“We got some deals for him but he was adamant he chose Germany.

“His stubbornness means he got his own way in the end.”

Lookman’s decision was quickly vindicated, however, as he again scored on his debut – this time coming off the bench to net the winner away at Borussia Mönchengladbach.

“[It was] just a leap of faith, you know? Like I’m going to do it, give it all I got, it’ll work out,” he says in respect of his initial loan move.

“I knew about the club but obviously it’s a different country so it’s always going to be new to me. I thought ‘I’m going to do it’.

“I think it was just a new experience and new scenery for me, which was good at the time. You’re forever learning so the excitement of that was important too.

“I was buzzing off learning new things, being around different people, obviously taking in a new language and new experience as well. So for me that was interesting.”

And does he feel like he proved Allardyce wrong?

“Everyone’s got their opinions, right? I didn’t come here to prove him wrong, I came here for myself.

“I knew coming here would be the right decision, so I did.”

Lookman contributed an impressive five goals and four assists during his first spell in Saxony and when he returned to Goodison Park, Allardyce was gone and Marco Silva had been appointed as his replacement.

But the versatile forward’s situation didn’t improve under Silva and though he’s at a loss to explain why it never quite worked out at Everton, he has no hard feelings towards a “a big club with a lot of tradition”.

Now he finds himself at a club with little in terms of tradition but one where he can learn from one of the best coaches the Bundesliga has to offer.

“A lot of energy,” he says when asked to describe Nagelsmann’s coaching style.

“He’s always on us to improve. Even if it’s the littlest of details. He’s all about intensity and playing with speed. That’s good for my game too. It’s a pleasure to work under him and to learn every day.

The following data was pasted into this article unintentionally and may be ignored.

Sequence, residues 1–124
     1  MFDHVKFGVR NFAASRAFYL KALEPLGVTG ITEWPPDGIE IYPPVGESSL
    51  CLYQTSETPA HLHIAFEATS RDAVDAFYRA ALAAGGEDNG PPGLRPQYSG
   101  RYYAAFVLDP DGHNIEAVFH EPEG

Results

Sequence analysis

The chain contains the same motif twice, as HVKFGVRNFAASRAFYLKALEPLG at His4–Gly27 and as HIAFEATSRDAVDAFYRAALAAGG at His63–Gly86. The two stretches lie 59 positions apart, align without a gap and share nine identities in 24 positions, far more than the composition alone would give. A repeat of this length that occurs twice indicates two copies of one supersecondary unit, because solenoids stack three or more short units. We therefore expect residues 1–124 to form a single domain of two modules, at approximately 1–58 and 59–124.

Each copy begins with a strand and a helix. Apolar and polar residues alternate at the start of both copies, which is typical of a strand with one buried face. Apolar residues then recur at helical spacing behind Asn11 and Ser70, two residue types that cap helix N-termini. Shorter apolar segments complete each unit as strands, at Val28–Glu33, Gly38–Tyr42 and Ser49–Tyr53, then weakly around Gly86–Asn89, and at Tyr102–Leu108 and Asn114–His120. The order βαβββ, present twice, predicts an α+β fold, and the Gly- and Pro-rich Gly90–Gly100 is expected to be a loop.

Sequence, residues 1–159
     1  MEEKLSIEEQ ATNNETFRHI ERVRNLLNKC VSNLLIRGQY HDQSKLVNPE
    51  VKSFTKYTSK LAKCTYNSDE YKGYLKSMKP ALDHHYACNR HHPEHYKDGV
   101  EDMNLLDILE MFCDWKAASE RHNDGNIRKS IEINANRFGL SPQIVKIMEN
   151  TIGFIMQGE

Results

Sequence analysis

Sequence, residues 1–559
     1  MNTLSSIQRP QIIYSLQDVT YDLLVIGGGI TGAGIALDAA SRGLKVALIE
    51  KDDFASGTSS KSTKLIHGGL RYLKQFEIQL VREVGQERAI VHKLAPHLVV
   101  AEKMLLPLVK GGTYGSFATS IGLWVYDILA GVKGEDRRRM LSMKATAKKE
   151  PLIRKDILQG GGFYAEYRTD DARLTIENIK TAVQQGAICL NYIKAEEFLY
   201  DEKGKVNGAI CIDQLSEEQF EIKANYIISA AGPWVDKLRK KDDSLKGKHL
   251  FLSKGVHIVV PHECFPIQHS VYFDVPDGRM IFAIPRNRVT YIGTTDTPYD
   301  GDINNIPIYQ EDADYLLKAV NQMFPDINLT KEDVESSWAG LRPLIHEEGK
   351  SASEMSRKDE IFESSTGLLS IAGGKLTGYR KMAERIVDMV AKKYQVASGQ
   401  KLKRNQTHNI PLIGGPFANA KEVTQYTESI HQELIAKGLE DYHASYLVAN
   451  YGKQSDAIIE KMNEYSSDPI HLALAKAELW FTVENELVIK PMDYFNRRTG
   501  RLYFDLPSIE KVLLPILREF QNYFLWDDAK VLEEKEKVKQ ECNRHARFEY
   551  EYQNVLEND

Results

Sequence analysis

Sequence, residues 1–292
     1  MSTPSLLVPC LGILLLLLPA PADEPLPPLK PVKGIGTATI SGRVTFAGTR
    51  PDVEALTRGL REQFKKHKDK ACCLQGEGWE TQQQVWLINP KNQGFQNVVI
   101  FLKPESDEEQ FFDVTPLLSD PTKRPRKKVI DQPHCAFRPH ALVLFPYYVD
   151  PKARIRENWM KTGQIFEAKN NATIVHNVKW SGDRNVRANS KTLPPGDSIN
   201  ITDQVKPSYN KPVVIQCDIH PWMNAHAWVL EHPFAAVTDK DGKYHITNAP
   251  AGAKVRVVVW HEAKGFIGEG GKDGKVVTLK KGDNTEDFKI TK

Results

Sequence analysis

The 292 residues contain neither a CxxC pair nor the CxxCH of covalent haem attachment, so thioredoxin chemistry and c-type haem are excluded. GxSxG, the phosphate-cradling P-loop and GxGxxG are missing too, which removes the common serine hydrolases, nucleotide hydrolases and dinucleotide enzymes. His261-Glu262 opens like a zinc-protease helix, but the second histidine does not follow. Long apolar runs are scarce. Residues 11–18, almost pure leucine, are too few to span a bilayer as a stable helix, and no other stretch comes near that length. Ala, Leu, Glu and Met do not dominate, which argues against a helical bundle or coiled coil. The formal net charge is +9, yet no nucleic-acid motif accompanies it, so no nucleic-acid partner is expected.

“Definitely the word I hear most from him is ‘intensity’ especially if I have the ball. His coaching staff help a lot as well, with clips and words of wisdom on the pitch as well.

“It’s his drive and passion. He’s hungry. I can see that.”

Lookman takes German classes three times a week and though he admits he misses his mum’s Nigerian cooking, he’s open to new experiences too.

“I’m eating things I didn’t know I would’ve eaten,” he says.

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“Like the other day I tried octopus at the training ground.”

He also says he’s trying to spend less time playing Call of Duty and more time reading.

“I’m reading a book about ego at the moment, someone said I should read it so I’m giving it a go.

“Otherwise I’m watching interviews about other people, finding out what motivates them, how they got to where they were.”

Such as?

“Have to say Denzel Washington. His name says it all doesn’t it? I just think he’s amazing.

“I’ve watched a few things where he speaks at universities, his speeches and stuff, he’s a top guy.”

Along with the likes of Fikayo Tomori, Dominic Calvert-Lewin and Dominic Solanke, Lookman was part of the England side which won the 2017 U20 World Cup in South Korea and he has since been capped 11 times at U21 level.

But with the Qatar World Cup coming up in 2022, he’s aware the window of opportunity to force himself into the senior set-up is closing, and he admits he could yet switch allegiance to Nigeria, where his parents are from.

“I’ve not changed my mind on that but I’m open and it’s good to have different opportunities,” he says.

“It’s definitely something I’ll be thinking about. It’s a serious decision. International football is a big thing if you want to keep progressing which I do.”

If he’d never made it professionally, the 22-year-old insists he would happily still be playing Sunday league but sitting in the press conference room of a Bundesliga and Champions League club, he acknowledges he’s come a long way from his days at Waterloo.

“This is my stage now,” he says, with a twinkle in his eye.